The biggest danger of granting a gene patent is that it will hinder further research in the patented field. As one professor puts it "You can find dozens of ways to heat a room besides the Franklin stove, but there's only one gene to make human growth hormone [27] ."

By granting a patent for a gene, scientists will be burdened with patent infringement issues while researching in a particular field. Data sharing is the key to the future of genetic discoveries and bioinformatics, and gene patents impede research aimed at identifying the role of genes in medical conditions [28] .

A patent on a gene sequence prevents other researches from researching on the same gene without permission from the patent holder. Since the patent gives the patent holder the right to exclude others, it the prerogative of the patent holder to choose to whom a license may be granted. This would lead to two things :

Firstly, the patent holder may not grant a license and hence maintain his monopoly thereby restricting research. Secondly, the cost of research increases with the added licensing and legal fees.

The Myriad Genetics case is a prime example of gene patents hampering research. The corporation sent 'cease and desist' letters to many universities and research centers, herby stopping research on Breast Cancer since it involved isolated DNA encoding BRCA1 or BRCA2 whose patent Myriad owned.

According to Dr. Fiona Murray who received a grant to research the impact of gene patenting on scientific research and commercialization, 4382 of the 23,688 genes listed in the database of the National Center for Biotechnology Information - nearly 20% of human genes - are explicitly claimed as United States intellectual property. After devising a study to gauge the impact of gene patenting on public knowledge that utilized the time lag between publication of papers on a gene sequence and the issuance of a patent claiming that gene sequence, Dr. Murray concluded that the Myriad patents have negatively impacted the public knowledge of the BRCA1 and BRCA2 genes by 5-10% [29] .

Further, Myriad has withheld critical data concerning genetic predisposition to breast cancer from the Breast Cancer Information Core ("BIC"), an international, open access online database that is a central repository for information about the BRCA1/2 genes and their genetic variants [30] .

Therefore, clearly gene patenting instead of encouraging invention and fostering research is hampering and restricting research.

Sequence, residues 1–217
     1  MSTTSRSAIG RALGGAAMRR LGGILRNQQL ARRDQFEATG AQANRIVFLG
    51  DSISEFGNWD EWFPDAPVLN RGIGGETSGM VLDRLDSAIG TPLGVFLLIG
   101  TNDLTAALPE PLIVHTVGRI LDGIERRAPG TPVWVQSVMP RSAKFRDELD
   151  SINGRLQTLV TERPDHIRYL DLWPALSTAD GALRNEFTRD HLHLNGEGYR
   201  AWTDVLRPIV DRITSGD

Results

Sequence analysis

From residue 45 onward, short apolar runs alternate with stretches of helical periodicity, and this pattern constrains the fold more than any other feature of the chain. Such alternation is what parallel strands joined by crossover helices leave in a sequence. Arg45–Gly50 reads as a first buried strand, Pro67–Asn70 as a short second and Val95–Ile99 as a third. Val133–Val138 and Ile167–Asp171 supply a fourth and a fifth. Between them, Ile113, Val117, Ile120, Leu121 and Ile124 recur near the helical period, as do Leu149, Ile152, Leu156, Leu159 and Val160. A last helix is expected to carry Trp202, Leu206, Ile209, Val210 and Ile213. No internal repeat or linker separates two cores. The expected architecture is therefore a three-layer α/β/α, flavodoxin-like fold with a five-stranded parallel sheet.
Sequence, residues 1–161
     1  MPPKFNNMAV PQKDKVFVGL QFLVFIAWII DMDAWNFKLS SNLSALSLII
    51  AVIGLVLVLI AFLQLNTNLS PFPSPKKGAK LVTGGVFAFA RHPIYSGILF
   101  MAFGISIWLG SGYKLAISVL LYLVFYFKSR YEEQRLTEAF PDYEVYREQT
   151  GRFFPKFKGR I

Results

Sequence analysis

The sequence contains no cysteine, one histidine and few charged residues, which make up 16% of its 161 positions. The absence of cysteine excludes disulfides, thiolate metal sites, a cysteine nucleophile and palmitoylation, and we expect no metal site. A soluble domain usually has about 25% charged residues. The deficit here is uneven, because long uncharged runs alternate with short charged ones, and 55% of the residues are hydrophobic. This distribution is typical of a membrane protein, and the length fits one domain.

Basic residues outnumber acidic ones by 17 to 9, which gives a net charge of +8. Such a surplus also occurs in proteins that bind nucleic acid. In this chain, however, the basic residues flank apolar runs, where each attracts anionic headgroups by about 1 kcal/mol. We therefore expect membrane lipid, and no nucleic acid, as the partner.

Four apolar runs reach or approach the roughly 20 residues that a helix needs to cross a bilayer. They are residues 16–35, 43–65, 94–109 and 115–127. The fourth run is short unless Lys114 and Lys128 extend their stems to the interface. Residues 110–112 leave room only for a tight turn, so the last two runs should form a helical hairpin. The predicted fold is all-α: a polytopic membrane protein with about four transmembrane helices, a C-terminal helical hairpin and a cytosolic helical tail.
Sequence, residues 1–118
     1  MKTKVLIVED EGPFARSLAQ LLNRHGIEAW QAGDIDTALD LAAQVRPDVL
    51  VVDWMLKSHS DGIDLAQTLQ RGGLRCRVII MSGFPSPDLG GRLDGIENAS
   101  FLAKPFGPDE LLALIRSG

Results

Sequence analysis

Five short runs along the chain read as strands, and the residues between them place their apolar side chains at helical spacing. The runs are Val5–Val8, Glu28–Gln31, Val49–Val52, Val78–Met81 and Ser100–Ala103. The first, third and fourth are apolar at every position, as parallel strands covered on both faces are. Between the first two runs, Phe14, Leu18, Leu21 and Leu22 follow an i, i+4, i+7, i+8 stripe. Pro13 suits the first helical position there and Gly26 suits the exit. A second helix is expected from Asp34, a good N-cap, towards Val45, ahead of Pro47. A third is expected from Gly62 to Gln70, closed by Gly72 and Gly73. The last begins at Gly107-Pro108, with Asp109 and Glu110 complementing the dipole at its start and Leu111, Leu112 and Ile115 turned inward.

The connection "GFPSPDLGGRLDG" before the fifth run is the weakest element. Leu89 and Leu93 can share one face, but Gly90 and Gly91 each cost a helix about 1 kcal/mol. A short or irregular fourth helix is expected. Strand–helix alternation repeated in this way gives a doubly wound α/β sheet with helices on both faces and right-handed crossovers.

4. Other Ethical Issues

The biggest ethical question arises is how can the building blocks of life, the most important and integral part of the human body be patented. DNA present in every human being cannot be made private property of an individual or corporation.

Other fears expressed in connection with transgenic research are [31] (1) the rights of privacy of patients whose genetic make-up predicts a propensity to develop certain diseases; (2) discrimination on the basis of genetic heredity; and (3) a loss of human moral dignity. In addition, when the human genome map is complete, a person's genotype, which is highly revealing information, will be recorded and obtainable.

Public disclosure in a patent of a person's genetic information might constitute a badge of slavery because those having knowledge of the phenotype expressed by patented genetic material conceivably could anticipate how one possessing the phenotype would react to certain stimuli. The ability to predict and control responses through the selection of stimuli would limit the person's external and internal autonomy. However the link between behavior and DNA is anything but certain and it is unlikely that disclosure in a patent of genetic components would lead to control and subjugation of those who received patented genetic implants [32] .

V. A critical study of Association for Molecular Pathology Et. Al v. USPTO Et. Al

29th March 2010 proved to be doomsday for all biotechnology companies and research institutes that held patents on gene sequences. Judge Robert Sweet of New York District Court invalidated the patent of Myriad on the BRAC1 patent in the case of Association for Molecular Pathology Et. Al v. USPTO Et. Al [33] 

Facts of the Case

The case challenged the validity of the patents for isolated DNA containing all or portions of the BRCA1 and BRCA2 gene sequence and methods for "comparing" or "analyzing" BRCA1 and BRCA2 gene sequences to identify the presence of mutations correlating with a predisposition to breast or ovarian cancer granted to Myriad Genetics and the University of Utah Research Foundation. Mutations in the BRCA1/2 genes correlate with an increased risk of breast and ovarian cancer. Women with BRCA1 and BRCA2 mutations face up to an 85% cumulative risk of breast cancer, as well as up to a 50% cumulative risk of ovarian cancer. The existence of BRCA1/2 mutations is therefore an important consideration in the provision of clinical care for breast and/or ovarian cancer. A patient will not only learn of her risk for hereditary breast and ovarian cancer, but also can gain information that may be useful in determining prevention and treatment options. Myriad offers multiple forms of BRCA1/2 testing to the general public. Its standard test, called Comprehensive BRAC Analysis, originally only consisted of the full sequencing of the BRCA1/2 genes. But these tests are not only expensive but are also not covered by most insurance policies and are therefore not within the reach of many women who require the test.

A number of research centers have the resources and the expertise to offer the test at lower costs, but are stopped to the patent. Further, Myriad sent search and desist letters to a number researchers for infringing upon the patent in course of their research. Enraged by the activities of Myriad, a number of organizations such as Association for Molecular Pathology, College of American Pathologists, Breast Cancer Action came together and filed the present suit against Myriad